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If you want historical facts to argue that America was not founded on systemic racism, that it was intended to be a force for good in the world, I want you to get this book. And, of course, I’ll give you a review copy of the audiobook. Just PM me.
The Good Country is the story of the Midwest, arguably the first egalitarian society on the planet. When the Founders were in Philadelphia creating the Constitution, the Continental Congress was in New York, writing the Northwest Ordinance, the law under which the Midwest would be settled. It specifically outlawed slavery in the entire territory. It set up homesteading in a way that discouraged land speculation and encouraged yeoman farmers.
As a result, the Midwest in the 1800s had no dominant political or economic class; it was mostly a society of smallholders the way Jefferson envisioned. The Midwesterners created societies, lodges, the Grange, and other egalitarian institutions intended to improve themselves and manage their politics. They built academies, colleges, and universities; over 90% of the population of Ohio was literate before it even became a state. There was plenty that was wrong with it; the book is The Good Country, not The Perfect Country. But it was as close as we’ve ever come to the Founders’ vision of a country where all are equal before the law and in opportunity.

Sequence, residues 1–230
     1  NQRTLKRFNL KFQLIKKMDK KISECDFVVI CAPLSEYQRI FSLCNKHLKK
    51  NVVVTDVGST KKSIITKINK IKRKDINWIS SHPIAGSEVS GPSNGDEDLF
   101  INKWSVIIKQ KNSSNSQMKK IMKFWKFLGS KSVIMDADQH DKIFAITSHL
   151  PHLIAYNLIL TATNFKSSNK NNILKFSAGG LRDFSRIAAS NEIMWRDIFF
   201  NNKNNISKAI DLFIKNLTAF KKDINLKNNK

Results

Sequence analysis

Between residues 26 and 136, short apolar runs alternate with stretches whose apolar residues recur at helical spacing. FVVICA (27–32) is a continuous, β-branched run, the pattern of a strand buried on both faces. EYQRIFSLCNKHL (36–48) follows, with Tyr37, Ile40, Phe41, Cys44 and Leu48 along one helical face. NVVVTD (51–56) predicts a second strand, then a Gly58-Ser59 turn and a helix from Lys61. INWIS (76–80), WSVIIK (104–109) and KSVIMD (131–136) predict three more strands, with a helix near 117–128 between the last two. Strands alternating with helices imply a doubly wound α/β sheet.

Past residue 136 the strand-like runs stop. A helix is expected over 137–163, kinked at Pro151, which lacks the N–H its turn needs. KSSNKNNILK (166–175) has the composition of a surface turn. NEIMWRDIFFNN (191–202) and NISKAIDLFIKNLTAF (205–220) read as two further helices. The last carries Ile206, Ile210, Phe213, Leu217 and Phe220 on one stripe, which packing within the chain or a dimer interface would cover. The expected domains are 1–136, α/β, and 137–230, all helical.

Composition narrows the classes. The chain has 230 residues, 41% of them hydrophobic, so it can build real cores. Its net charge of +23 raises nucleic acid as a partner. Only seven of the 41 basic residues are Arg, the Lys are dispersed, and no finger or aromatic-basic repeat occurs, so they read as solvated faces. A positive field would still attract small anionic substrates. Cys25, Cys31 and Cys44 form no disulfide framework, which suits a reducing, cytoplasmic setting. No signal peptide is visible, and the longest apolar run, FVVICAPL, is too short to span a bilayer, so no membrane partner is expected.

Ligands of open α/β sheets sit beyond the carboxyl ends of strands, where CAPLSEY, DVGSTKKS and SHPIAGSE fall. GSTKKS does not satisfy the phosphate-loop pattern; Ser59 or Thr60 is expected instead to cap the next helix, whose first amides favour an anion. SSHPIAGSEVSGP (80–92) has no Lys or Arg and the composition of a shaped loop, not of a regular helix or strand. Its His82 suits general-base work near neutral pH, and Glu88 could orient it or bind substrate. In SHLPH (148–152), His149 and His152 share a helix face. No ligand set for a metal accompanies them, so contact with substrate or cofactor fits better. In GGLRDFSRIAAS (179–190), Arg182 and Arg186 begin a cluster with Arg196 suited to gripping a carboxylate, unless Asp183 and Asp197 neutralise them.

This book is full of solid history to refute the idea that America is inherently racist and exploitative. There is much here to stir your pride in your country, whether you are a Midwesterner or not. Learning about it, I hope, will encourage those of us who love our country to try to bring back what was right about it and has been lost. This is my 71st audiobook narration, and I have never felt as passionate about a book as this one. Please, if you are even faintly interested, let me give you a review copy and give it a listen. Learning the truth is how we get our country back.Published in